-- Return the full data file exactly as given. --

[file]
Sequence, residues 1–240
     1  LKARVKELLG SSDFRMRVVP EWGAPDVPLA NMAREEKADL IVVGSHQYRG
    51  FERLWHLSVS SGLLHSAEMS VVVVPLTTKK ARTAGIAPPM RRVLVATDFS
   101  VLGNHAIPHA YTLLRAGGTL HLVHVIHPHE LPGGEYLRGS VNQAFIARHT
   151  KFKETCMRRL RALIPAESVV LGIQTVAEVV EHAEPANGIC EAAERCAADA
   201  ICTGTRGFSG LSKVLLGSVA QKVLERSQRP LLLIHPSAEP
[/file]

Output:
Sequence, residues 1–240
     1  LKARVKELLG SSDFRMRVVP EWGAPDVPLA NMAREEKADL IVVGSHQYRG
    51  FERLWHLSVS SGLLHSAEMS VVVVPLTTKK ARTAGIAPPM RRVLVATDFS
   101  VLGNHAIPHA YTLLRAGGTL HLVHVIHPHE LPGGEYLRGS VNQAFIARHT
   151  KFKETCMRRL RALIPAESVV LGIQTVAEVV EHAEPANGIC EAAERCAADA
   201  ICTGTRGFSG LSKVLLGSVA QKVLERSQRP LLLIHPSAEP